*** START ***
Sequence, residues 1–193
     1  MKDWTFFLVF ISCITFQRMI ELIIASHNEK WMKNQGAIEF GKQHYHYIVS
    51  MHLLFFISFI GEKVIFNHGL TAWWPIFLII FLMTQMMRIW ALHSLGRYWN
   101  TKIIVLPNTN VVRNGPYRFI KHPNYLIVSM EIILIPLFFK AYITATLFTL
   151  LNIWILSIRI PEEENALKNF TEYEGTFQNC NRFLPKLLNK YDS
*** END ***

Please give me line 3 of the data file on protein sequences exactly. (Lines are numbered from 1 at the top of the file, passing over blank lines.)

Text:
    51  MHLLFFISFI GEKVIFNHGL TAWWPIFLII FLMTQMMRIW ALHSLGRYWN